fascinated with our weather, to the point where allegedly-sane people go out during storms and
try to catch a tornado in the making. These storm chasers come in two flavours: the
professionals (meteorologists, researchers at universities, and the like) and the amateurs. The
latter are people who are interested in meteorology and who want to see severe weather up
close or who want to film the storms. I'm one of them. When others head for the basement, I
get into the car. There is something awe-inspiring about Mother Nature doing her level best to

kill you. I suppose it's no different from any high risk activity; the human animal often feels
most alive when it is scared silly.

Those who enjoy being frightened in the company of like-minded individuals can sign up with
a travel agency that specializes in tornado chaser vacations. (Disclaimer: I do not work for

any of these companies, nor have I done business with them.
) One enterprising Australian
company called Thunderbolt
organizes trips to the United States during May and June and trips in
Australia during November through January. Others such as Tempest Tours Storm Chasing
, Tornado Alley
, and Storm Chasing Adventure
concentrate on tours in the United States only. There are also a number of
Web sites devoted to storm chasing that allow people to contact each other and organize
private trips.

The typical storm chase involves long periods of boredom interspersed with, if the chasers
are lucky, several minutes of terror. They generally drive 400-500 miles per day, returning
to their hotel rooms late at night to sort through their pictures, check weather predictions and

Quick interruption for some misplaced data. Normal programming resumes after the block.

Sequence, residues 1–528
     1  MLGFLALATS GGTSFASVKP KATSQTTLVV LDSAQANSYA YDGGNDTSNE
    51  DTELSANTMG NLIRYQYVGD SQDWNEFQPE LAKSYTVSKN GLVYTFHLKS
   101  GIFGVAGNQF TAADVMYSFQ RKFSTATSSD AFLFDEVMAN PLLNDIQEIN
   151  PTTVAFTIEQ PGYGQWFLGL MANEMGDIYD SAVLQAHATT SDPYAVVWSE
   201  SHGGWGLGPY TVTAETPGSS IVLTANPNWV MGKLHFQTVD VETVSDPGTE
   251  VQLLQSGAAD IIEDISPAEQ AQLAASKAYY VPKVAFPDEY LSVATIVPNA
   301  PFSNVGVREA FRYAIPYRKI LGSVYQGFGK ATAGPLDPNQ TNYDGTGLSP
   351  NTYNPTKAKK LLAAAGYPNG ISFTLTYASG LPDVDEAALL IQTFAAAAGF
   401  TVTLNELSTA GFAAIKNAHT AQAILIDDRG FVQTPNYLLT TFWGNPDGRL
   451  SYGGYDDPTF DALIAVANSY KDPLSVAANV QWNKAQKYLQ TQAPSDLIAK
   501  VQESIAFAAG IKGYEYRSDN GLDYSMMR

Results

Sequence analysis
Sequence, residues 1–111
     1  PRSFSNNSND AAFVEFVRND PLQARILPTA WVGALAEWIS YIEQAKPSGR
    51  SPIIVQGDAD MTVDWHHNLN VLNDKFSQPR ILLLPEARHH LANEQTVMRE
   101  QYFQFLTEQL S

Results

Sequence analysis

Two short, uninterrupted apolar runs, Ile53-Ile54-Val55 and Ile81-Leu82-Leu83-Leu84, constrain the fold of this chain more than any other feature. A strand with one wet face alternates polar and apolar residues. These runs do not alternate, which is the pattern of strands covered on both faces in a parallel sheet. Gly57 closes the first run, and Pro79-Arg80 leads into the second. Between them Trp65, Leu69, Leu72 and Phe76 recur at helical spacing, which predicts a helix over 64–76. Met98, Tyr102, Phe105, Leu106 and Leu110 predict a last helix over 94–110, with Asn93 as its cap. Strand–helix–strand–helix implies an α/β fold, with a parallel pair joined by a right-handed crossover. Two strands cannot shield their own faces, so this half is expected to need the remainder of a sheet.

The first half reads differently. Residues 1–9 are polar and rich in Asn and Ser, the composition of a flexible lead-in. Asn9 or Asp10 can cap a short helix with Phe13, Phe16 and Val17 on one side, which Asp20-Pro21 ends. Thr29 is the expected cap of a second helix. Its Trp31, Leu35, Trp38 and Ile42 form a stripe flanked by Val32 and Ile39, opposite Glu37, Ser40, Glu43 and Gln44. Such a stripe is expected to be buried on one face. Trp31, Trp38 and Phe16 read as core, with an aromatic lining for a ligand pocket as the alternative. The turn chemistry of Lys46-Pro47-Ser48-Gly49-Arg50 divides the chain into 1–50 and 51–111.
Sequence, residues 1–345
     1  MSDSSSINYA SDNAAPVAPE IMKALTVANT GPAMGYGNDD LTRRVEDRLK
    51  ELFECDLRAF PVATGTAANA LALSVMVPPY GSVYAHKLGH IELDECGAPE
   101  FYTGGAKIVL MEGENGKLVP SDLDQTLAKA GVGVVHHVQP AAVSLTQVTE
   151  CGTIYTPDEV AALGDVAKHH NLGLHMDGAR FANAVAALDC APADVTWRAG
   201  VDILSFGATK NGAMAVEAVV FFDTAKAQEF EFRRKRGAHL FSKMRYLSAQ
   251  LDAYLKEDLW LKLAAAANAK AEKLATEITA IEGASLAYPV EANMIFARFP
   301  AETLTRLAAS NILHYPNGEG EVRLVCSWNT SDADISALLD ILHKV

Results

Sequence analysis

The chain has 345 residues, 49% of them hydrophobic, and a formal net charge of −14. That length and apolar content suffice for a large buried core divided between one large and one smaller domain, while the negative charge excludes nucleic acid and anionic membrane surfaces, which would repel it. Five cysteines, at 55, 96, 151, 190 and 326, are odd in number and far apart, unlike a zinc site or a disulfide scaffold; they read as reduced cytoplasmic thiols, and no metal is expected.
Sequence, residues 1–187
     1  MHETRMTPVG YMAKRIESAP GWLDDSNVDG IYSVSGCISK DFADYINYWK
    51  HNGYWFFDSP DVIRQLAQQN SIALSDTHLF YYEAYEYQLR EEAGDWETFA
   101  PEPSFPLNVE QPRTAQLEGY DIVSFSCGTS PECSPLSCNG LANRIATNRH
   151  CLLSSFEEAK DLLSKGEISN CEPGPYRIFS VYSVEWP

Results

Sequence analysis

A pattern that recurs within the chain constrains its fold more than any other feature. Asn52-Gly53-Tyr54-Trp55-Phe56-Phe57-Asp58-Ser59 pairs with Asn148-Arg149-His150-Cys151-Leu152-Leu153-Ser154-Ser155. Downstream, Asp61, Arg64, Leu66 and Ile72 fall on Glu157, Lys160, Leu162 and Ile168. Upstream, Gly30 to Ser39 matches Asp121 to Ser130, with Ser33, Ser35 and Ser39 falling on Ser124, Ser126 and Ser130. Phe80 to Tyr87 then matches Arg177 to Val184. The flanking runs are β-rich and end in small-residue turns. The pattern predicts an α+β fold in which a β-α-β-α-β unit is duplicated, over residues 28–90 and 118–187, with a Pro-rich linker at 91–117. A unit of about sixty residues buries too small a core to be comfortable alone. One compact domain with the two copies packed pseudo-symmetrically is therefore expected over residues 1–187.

meteorological data, and plan the next day's chase. The weather sets the schedule, so chasers
eat and sleep irregularly or not at all and are exhausted a lot of the time. And the odds of
actually encountering a tornado are not good. Storm chasers need strong constitutions to
handle the long days, cast-iron bottoms to handle the long drives, and the patience to deal with
many hours of nothing much happening.

They'll tell you that life just doesn't get much better than this.

Not in Kansas Anymore

It's smart to stay indoors when tornadoes threaten, but you may be caught outdoors
anyway. You can find tips on How to Survive Extreme
in The Hitchhiker's Guide. In general, remember:

  • A tornado is often preceded by a few minutes of eerie calm. The skies can take on a
    sickly green or yellow colour, and some people also have described an odd sulphur-like smell in
    the air.
  • A tornado really does sound like a freight train coming through.
  • Tornadoes don't like to climb hills and often swerve to avoid one.
  • If you see a tornado that doesn't appear to be moving, then it's coming straight at you.
    Get out of its way. Now. Move at a right angle to the path of the tornado and find the nearest

    sheltered or low-lying spot. Don't try to outrun it - you can't.
  • If you're on the road, don't stay in your car - you and the car may end up in Oz. If at all

    possible, get under a bridge or overpass. If none is available, get into a ditch or low-lying
    area, crouch down as low as you can, and cover your head to protect it.

Want to chase storms and tornadoes from the safety of your computer? Here are some
Web sites with photos and videos of tornadoes in action:

Remember, don't panic!

Running With Scissors